• bortezomib;
  • dexamethasone;
  • myeloma;
  • relapsed;
  • refractory



Although treatment for multiple myeloma (MM) has considerably improved in the past decade, MM continues to be an incurable hematological malignancy that causes most patients to eventually relapse and die from their illness. Thus, the identification of effective salvage strategies remains a priority.


In this trial, the authors evaluated the safety and efficacy of bortezomib and dexamethasone [V: on days 1 and 15 (1.3 mg/mq); D: on days 1-2 and 15-16, every 28-day cycle until progression (20 mg/d)] as maintenance therapy (MT) in patients with advanced MM who responded to salvage therapy that used a bortezomib-containing regimen.


Forty-nine MM patients were enrolled in this study between October of 2004 and April of 2008. All patients who were included in this study were responsive to a prior salvage therapy with bortezomib and had a measurable disease. The bortezomib and dexamethasone MT improved the quality of responses to complete remission in 4 patients and very good partial response in 3 patients. In addition, 10 patients experienced at least a 50% improvement in their symptoms. The median time to progression (TTP) was 16 months with a progression-free survival of 61% after 1 year. The overall response after 1 year was 76%, and the cumulative incidence of death due to disease progression, which was adjusted for competitive risk events, was 14%. Non-dose-limiting toxicities included neuropathy (predominantly grade 1), herpes zoster reactivation, pneumonia, and gastrointestinal affections (constipation and diarrhea). Three patients developed grade 2 neuropathy, which required a bortezomib dose reduction to 1.0 mg/mq. No grade 3 or 4 toxicities were recorded.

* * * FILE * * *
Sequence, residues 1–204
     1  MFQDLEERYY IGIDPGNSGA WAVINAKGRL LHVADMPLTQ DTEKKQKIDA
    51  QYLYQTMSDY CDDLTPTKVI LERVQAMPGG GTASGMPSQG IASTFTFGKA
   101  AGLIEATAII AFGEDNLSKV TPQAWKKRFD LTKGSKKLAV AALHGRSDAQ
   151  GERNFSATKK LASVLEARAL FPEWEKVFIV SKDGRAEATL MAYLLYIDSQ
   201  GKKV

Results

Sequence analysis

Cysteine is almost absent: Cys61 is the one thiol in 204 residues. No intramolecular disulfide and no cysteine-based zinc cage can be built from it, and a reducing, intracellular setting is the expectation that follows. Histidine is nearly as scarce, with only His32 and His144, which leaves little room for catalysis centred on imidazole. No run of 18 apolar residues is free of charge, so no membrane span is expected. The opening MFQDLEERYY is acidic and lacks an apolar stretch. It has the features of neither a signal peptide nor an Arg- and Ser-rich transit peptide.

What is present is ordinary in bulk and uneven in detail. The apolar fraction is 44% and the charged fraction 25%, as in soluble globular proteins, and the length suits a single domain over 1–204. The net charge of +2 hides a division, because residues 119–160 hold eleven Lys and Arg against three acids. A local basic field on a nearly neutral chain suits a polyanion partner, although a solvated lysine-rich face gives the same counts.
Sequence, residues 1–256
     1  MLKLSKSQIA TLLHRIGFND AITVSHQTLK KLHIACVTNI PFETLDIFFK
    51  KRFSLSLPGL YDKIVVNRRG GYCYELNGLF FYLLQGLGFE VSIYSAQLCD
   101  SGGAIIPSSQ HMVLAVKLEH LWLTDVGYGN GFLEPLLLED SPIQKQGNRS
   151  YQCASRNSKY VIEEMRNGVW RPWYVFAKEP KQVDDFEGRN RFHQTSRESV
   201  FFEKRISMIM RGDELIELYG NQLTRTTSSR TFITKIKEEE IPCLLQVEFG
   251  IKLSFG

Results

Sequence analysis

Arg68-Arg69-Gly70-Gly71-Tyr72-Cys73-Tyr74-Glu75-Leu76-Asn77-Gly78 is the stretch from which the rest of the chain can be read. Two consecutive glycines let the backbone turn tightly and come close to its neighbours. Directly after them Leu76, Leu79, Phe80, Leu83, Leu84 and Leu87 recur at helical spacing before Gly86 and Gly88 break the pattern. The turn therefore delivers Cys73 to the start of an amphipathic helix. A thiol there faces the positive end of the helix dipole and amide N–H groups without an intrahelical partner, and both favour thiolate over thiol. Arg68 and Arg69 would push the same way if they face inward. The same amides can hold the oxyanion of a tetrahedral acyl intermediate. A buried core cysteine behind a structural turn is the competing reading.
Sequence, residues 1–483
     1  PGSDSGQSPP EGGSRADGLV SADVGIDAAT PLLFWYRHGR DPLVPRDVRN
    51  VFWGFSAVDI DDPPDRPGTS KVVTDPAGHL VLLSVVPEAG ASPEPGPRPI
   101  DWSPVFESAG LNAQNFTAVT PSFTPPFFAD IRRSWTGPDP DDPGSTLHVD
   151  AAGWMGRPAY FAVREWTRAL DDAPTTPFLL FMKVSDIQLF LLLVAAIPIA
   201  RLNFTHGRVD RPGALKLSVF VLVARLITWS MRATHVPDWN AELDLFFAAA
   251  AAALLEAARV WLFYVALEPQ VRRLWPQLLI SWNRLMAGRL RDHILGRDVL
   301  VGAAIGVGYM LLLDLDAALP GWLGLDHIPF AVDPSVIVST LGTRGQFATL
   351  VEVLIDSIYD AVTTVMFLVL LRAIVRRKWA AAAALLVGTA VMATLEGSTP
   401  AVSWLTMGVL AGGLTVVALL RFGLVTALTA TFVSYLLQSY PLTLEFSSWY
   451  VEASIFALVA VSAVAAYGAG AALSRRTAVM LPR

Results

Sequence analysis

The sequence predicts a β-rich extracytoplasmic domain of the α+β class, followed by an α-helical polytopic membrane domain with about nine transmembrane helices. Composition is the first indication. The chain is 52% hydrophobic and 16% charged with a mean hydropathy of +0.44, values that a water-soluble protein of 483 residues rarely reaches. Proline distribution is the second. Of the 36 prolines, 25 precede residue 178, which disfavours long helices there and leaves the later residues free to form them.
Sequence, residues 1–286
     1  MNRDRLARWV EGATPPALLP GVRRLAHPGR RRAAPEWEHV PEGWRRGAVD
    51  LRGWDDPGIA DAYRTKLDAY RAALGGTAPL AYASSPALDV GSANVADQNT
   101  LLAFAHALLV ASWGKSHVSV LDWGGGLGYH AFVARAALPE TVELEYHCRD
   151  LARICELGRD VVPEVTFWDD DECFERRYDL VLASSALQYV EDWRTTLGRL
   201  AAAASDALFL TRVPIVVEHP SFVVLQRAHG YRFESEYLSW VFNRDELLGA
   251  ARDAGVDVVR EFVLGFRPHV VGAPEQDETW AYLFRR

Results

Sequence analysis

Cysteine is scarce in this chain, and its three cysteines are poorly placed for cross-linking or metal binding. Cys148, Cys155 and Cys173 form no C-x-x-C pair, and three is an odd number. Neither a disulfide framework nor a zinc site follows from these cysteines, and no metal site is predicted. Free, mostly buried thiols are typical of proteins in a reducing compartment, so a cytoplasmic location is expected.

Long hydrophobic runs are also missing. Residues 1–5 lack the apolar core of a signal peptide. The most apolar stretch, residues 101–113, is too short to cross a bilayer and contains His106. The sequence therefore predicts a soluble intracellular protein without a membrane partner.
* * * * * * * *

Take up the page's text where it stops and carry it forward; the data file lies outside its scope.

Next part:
The use of bortezomib and dexamethasone as MT in advanced MM was effective and well tolerated. The twice-monthly bortezomib infusion appeared to reduce the incidence of grade 3 and 4 neuropathies in comparison to similar experiences in other settings. Cancer 2011. © 2010 American Cancer Society.